Filter DynamoDB, using Query/Scan and implement a full-text search?

DynamoDB is the Amazon take on fully managed NoSQL database services that provide fast and predictable performance with seamless scalability. It is a great solution for projects that require single-digit millisecond response of read/write operations and easy integration with other AWS services like Lambda, ElasticSearch, etc.

By essence DynamoDB provides a couple of ways to filter the returned results. First let’s look at the properties that can be provided as a criteria.

On creation of a Table in DynamoDB you have to specify a Partition Key by which you will have a uniquely identifiable record in the database.

The secord parameter by which you can further refine the list of returned data is the Sort key. The name implies that it is used for sorting purposes but in fact it can be also used as an uniquefilter for the outgoing data from the DB.

The third option that DynamoDB provides to its users is the GSI (global secondary index). You can create as many global secondary indexes as you need and this is a great way to cover various usage patterns for data retrieval. The GSIs also provide the capability to specify nested structures as the values. So let’s say we have the following structure in a column of the DynamoDB table “apartments_to_rent” named “rentor”:

“apartment_id: {N: 666},
"rentor": {
    "id": {N: 1234}
    "name": {S: "John Doe"}
    "rented_on": {N: 1234123421}

If you are curious to understand what N and S stand for in the complex structured values – it’s just DynamoDB’s way to “marshall” and “unmarshall” data – in other words – to keey track of the type of the value stored and not just the value itself. N stands for “Number” and S for “String”. Let’s forget about that for the purpose of this example, and imagine that the object is saved as a plain JSON.

"rentor": {
    "id": "1234"
    "name": "John Doe"
    "rented_on": "1234123421"

To make the “id” of this nested object a GSI Partition Key, we have to specify it when we create our resources. We will use AWS CDK code below to illustrate the example. It will look something like this:

    indexName: "index-rentor",
partitionKey: {name: "", type: dynamodb.AttributeType.STRING},

The this.table is an instance of an “Table” class that creates and defines the DynamoDB table. Using this instance we execute the method addGlobalSecondaryIndex by passing the name that the index will have and binding it with the nested structure that we will use as a range key, to be used later for queries.

That’s all you need to define the gsk.

Now for the interesting part! How do we filter by such a nested structure?

DynamoDB provides two main mechanisms to retrieve data in a filtered manner – those methods are query and scan. They both have their use cases, and I will explain which one to use for what now.

The query method is the better performer compared to the scan method. The reason for that lies in the way DynamoDB works under the hood. Query is searching for the value by the passed Partition Key and is only returning the results that match. This technique gives the query operation a greater advantage in execution time and cost for the pocket of the consumer.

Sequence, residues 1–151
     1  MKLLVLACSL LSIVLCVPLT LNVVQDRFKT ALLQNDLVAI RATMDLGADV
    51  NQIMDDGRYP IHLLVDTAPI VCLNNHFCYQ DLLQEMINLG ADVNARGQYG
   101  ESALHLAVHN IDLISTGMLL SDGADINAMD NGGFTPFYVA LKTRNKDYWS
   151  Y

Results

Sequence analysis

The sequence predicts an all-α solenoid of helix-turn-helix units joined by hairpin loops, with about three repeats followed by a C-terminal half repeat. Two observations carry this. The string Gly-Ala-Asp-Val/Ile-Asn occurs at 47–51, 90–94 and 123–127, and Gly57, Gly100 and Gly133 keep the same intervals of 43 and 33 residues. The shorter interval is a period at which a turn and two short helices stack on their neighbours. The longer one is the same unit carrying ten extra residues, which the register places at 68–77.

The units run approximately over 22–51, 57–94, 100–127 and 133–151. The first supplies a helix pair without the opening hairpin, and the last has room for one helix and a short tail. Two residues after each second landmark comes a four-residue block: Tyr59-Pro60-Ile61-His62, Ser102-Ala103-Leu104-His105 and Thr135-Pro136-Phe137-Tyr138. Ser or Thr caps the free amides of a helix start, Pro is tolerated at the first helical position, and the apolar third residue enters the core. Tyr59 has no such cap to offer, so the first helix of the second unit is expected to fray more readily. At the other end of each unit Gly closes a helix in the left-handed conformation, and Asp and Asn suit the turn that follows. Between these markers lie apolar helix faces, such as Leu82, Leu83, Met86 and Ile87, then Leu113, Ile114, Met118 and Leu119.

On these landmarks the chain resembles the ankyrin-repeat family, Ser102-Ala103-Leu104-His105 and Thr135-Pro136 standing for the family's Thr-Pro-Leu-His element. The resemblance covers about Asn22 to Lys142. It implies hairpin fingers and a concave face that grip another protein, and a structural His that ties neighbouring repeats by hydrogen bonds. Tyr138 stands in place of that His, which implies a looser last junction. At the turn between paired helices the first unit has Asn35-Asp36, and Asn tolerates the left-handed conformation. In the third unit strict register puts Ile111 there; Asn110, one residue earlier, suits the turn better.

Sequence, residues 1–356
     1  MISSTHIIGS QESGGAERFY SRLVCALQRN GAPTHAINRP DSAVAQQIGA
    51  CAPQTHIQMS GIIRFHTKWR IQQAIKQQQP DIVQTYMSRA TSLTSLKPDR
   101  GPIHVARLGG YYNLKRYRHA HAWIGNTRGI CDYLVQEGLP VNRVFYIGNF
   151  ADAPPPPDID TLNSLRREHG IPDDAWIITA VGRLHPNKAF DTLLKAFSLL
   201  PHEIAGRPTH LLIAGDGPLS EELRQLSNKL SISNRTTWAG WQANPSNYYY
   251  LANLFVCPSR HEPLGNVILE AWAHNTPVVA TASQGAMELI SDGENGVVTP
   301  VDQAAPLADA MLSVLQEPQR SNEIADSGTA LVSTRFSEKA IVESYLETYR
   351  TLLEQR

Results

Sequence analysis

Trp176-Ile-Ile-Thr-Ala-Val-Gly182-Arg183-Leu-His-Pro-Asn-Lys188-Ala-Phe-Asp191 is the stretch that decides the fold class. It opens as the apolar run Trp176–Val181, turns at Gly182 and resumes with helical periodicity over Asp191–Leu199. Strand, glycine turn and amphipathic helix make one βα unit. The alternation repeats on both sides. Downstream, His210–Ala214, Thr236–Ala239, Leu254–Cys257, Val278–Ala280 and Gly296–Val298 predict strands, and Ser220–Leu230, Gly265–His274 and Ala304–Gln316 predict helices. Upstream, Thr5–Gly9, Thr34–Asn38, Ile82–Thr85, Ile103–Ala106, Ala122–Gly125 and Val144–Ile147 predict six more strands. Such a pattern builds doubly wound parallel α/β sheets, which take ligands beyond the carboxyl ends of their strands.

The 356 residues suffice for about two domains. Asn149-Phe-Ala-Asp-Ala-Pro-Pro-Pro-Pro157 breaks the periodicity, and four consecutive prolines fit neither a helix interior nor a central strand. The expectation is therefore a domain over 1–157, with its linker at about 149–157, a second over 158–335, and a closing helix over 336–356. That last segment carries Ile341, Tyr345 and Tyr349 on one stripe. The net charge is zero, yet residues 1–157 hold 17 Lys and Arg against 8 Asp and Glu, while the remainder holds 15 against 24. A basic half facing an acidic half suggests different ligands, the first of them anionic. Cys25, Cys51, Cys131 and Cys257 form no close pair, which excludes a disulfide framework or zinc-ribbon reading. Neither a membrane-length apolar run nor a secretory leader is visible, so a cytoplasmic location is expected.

You can use the scan operation for smaller tables that have a reasonable amount of records. This statement should be taken really in mind, because scan gets the full data of the table first and then starts to filter by some criteria. This will for sure impact the budget of the client and the execution time. Despite that scan has some advantages compared to query and for example one of them is nested querying of data. Yes! Query doesn’t allow it. Query allows you to do your search on a flat structure like a string, number, boolean but not on an object. Scan on the other hand doesn’t even have a limit on the depth of that object; you just have to specify all of the object keys in the valid order. On top of that scan allows you to use the “contains” keyword to make a full text body search, neat!

So sorry, but query is out of the question for this topic.

How do we implement the search by this gsk that we’ve created previously. Lets explain the params that have to be passed and how the method works. Example request:

const params: ScanInput = {
    TableName: "tableName",
    FilterExpression: "#rentor.#id = :rentorId",
    ExpressionAttributeNames: {
        "#rentor": "rentor",
        "#id": "id"
    ExpressionAttributeValues: { 
        ":rentorId": "abcd-efgh-abcd-efgh" // UUID id from the database 

try {
 const queryOutput = await DynamoDB().scan(paramsQuery).promise();
    return queryOutput.Items;
} catch (e) {
    throw e;

So what just happened? First we declared a variable named params in which we constructed our input parameters. We started off with the table that we will be searching, after that we created our filter selection. The filter string is binded in the “ExpressionAttributeNames” and “ExpressionAttributeValues” properties. As you can see in “ExpressionAttributeNames” we have added two key value pairs, first is the column name and then the nested “id” of the object. The “ExpressionAttributeValues” are the values we have passed in our API request for the data.

After we have built the requirements for the filtration we just need to pass them to the scan method of DynamoDB and return the “Items” it has found.

This method comes with its pro’s and con’s. Yes! we can filter by nested object attributes but we have to be careful of the table size we want to filter. On bigger tables it will be a better solution to create a separate column in the db with the id and query the results and not do the scan technique we just covered.

Hope this helps you on your quest to greatness!